Background: In the United States, Black infants have significantly worse birth outcomes than do White infants. The cause of these persisting racial disparities remains unexplained. Most extant studies focus on differential exposures to protective and risk factors during pregnancy, such as current socioeconomic status, maternal risky behaviors, prenatal care, psychosocial stress, or perinatal infections. These risk factors during pregnancy, however, do not adequately account for the disparities.
Methods: We conducted a literature review for longitudinal models of health disparities, and presented a synthesis of two leading models, using a life-course perspective. Traditional risk factors during pregnancy are then reexamined within their life-course context. We conclude with a discussion of the limitations and implications of the life-course perspective for future research, practice, and policy development.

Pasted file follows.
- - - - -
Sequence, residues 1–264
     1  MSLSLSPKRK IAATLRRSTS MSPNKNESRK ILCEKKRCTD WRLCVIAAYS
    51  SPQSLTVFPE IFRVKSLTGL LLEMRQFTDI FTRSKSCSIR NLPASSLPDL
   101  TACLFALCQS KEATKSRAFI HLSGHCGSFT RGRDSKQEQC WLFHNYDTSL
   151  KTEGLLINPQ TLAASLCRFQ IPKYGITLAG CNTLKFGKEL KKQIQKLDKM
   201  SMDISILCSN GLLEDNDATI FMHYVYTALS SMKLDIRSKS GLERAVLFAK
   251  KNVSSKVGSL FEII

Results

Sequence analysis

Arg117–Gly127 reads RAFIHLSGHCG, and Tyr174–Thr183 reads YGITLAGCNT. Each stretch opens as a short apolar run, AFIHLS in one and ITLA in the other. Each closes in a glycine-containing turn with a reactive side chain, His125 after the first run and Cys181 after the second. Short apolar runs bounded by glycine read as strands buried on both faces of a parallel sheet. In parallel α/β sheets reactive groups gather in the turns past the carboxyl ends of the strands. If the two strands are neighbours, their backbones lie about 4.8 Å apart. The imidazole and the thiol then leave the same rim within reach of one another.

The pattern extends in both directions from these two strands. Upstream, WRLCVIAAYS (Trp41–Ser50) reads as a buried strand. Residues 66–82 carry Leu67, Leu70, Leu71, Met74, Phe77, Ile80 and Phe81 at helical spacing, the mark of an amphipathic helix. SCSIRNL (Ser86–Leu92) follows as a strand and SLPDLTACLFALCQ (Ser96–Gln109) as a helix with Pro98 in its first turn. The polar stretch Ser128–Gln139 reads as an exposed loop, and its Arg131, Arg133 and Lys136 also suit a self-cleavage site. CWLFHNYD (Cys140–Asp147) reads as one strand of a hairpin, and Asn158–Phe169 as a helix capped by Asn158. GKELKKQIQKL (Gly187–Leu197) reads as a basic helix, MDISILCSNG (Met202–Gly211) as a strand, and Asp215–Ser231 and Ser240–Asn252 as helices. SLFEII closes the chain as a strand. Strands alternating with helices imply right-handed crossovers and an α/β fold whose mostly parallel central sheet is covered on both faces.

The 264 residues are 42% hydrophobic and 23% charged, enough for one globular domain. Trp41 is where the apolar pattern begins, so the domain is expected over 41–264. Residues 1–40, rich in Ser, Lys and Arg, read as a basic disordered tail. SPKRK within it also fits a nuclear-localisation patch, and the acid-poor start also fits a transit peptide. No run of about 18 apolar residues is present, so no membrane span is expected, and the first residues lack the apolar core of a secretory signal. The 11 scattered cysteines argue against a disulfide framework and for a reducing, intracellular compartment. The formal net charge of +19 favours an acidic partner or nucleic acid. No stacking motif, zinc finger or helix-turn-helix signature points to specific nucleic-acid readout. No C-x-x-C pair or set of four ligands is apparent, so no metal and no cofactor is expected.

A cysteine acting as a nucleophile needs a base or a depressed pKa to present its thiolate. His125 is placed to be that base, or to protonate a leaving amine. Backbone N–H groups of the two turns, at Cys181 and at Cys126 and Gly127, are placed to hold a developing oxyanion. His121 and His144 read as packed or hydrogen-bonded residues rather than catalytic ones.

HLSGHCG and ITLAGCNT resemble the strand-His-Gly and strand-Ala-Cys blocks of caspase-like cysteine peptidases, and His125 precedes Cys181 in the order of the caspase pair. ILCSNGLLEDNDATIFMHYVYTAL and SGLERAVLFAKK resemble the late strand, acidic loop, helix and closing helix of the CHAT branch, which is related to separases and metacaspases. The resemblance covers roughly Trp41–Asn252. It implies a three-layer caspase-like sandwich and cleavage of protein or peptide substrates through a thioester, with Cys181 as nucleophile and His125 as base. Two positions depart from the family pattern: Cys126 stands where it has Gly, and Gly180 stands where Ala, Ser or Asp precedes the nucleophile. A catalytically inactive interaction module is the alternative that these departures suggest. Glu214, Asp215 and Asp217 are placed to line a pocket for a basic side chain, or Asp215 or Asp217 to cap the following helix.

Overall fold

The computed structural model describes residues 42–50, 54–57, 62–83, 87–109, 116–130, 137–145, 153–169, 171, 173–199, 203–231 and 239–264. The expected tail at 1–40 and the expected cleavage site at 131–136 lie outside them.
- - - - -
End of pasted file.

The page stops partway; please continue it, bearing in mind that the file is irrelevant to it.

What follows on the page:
Results: Two leading longitudinal models of health disparities were identified and discussed. The early programming model posits that exposures in early life could influence future reproductive potential. The cumulative pathways model conceptualizes decline in reproductive health resulting from cumulative wear and tear to the body's allostatic systems. We propose a synthesis of these two models, using the life-course perspective. Disparities in birth outcomes are the consequences of differential developmental trajectories set forth by early life experiences and cumulative allostatic load over the life course.
Conclusions: Future research on racial disparities in birth outcomes needs to examine differential exposures to risk and protective factors not only during pregnancy, but over the life course of women. Eliminating disparities requires interventions and policy development that are more longitudinally and contextually integrated than currently prevail.